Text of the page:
Market Data

A Stabilizing Euro Creates Real Estate Opportunities

As of last January, the euro is legal currency in 12 of the 15 countries that make up the European Union. Denmark , Sweden , and the United Kingdom have opted out for the time being.

EU bank transfers, including the purchase or sale of real estate properties and accounting, have been performed in euros since January 1999, and the currency has experienced few problems. Since the euro facilitates commerce by allowing properties and products to be compared equally among participating EU countries, without concern about possible currency fluctuations, its growing acceptance will have a tremendous effect on global commercial real estate transactions and investment.

The Euro and Commercial Real EstateWhen first introduced, the euro was valued below the U.S. dollar and participating EU countries' real estate investments in the United States were down considerably. Many deals in the pipeline in late 1998 and 1999 fell through because the price of the properties increased by as much as 30 percent, which no longer made them viable investments. As the currencies get closer in value, U.S. investors' interest and activity have increased. Because of the perception that the euro still is undervalued, well-informed investors are pouring money into the 12 states with the expectation of higher returns in three to five years when they plan to reinvest.

Investment in the United States by Europeans from the 12 euro currency countries will come back strong, most likely in the next two years. There is pent-up demand among investors in these countries who want to put their money into U.S. properties to diversify their portfolios and because they see the United States as a safe haven.

Euro FactsThe graphic symbol for the euro looks like an E bisected by two parallel horizontal lines that represent the currency's stability. It was inspired by the Greek letter epsilon, in reference to the cradle of European civilization and to the first letter of the word Europe . The coins and notes have one common side; on the reverse side is a local design representing the country that issued the note.

The euro has increased financial stability in Europe. Participating EU states are bound legally to continue the fiscal discipline detailed in the Maastricht Treaty, including sound management in public finance, price stability, exchange rates, and interest rates. Under the Stability and Growth Pact enacted in July 1997, EU member states not complying with strict guidelines for managing public finances can be sanctioned.

The euro also consolidates and extends Europe 's single market. Trade and investment are enhanced greatly, since there are no transaction costs or currency exchanges in the euro zone.

The euro creates new opportunities in the financial sector as well. It facilitates the introduction of secondary money markets to increase the availability of capital for real estate development and purchases.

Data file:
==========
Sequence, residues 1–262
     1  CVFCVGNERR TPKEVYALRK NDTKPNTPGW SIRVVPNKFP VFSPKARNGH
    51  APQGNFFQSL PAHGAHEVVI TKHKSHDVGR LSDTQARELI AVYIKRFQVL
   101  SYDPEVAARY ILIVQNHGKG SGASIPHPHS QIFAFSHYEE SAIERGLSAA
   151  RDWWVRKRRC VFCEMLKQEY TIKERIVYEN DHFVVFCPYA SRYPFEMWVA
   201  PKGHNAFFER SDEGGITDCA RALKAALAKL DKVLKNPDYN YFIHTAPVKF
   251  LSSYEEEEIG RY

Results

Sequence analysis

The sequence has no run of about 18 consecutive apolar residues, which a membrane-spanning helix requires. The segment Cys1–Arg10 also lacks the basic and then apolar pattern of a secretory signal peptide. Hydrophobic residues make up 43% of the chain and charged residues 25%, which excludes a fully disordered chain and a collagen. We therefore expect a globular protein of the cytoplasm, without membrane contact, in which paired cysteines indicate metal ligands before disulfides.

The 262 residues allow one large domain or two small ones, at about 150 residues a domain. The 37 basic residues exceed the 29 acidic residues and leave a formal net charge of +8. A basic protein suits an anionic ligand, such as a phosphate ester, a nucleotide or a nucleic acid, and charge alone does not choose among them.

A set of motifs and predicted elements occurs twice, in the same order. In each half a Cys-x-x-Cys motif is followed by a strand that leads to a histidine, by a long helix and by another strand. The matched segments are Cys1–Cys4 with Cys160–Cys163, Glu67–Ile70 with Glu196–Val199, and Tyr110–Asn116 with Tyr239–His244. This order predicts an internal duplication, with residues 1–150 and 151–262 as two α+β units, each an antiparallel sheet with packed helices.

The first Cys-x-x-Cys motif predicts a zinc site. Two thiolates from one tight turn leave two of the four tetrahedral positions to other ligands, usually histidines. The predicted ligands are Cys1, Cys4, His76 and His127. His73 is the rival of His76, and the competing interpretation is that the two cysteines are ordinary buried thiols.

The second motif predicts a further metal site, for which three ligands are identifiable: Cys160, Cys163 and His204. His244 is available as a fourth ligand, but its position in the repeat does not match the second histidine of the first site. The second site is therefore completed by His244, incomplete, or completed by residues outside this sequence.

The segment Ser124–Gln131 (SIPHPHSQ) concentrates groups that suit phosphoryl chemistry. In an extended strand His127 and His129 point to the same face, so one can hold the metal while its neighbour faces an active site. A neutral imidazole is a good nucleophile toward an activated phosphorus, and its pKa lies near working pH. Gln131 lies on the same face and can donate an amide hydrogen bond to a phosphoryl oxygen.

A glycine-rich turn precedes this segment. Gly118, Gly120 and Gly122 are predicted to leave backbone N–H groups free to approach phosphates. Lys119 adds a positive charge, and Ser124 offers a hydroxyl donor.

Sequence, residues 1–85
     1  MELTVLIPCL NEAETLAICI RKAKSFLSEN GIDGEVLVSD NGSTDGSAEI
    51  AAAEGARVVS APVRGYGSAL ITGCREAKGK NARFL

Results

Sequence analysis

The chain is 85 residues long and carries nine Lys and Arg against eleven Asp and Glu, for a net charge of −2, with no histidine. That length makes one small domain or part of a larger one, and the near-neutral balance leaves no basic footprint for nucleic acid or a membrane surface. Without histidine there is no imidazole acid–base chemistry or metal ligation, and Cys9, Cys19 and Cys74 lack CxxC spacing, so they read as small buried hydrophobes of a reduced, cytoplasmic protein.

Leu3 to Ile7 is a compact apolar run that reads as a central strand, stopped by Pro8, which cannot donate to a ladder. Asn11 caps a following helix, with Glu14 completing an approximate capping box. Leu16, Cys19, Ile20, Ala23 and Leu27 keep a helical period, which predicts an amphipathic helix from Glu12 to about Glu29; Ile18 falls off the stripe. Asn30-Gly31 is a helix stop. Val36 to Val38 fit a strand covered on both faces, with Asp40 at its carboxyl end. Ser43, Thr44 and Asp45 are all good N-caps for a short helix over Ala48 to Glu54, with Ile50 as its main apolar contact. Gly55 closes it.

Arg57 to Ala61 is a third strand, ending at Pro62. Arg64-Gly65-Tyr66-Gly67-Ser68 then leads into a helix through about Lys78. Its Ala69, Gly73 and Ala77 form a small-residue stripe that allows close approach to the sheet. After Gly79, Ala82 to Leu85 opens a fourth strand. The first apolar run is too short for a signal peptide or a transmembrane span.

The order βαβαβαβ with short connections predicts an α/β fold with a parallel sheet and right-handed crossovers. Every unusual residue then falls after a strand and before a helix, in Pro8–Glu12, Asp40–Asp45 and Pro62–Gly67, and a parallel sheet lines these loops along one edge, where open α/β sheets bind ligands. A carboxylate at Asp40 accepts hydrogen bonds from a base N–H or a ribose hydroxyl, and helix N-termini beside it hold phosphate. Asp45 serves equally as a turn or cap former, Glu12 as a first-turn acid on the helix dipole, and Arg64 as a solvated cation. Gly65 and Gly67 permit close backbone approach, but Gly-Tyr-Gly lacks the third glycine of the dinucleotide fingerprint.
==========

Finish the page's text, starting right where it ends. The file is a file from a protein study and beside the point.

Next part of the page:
The European System of Central Banks, which comprises each country's central banks and the independent European Central Bank, defines and implements the euro's monetary policy. The ESCB also conducts foreign exchange operations, holds and manages participating states' foreign reserves, and promotes smooth payment system operations.

Euro vs. the DollarWhen the euro first was traded as a currency in the 12 member states, several factors led to its decreased demand:

  • investors hesitated to buy the currency, since no one knew how the notes and coins would be accepted;
  • speculation was that strong currencies such as the German mark would be pulled down by weaker currencies such as the Italian lire or Spanish peso; and
  • there was a lack of supply of the currency.
Yet the euro's value has risen steadily since that time. The following factors influence the increasing demand.
  • nvestors now have a currency in place and can measure its performance.
  • The smooth transition by the participating countries is increasing the public's acceptance of the currency.
  • Tourists and investors traveling and investing in Europe now buy one currency instead of 12 or 15.
  • Since the euro has a €500 note and the United States only has a $100 note, it most likely will become the currency of business conducted in cash.

In the future the euro could account for nearly one-third of the global foreign exchange reserves. The ECB has cooperated with the U.S. Federal Reserve and other central banks to ensure sufficient liquidity for market and other economic transactions.

Today's real estate investors are looking to buy low and sell high worldwide. To stay ahead of the curve and the competition, commercial real estate professionals should be informed about global markets and currencies to anticipate their clients' questions and to offer sound foreign real estate investment guidance.

Manfred Chemek, CCIM, CIPS, GRI

Manfred Chemek, CCIM, CIPS, GRI, is chief executive officer of Manheim International, a real estate investment and consulting firm in Houston. Contact him at (281) 556-9421 or


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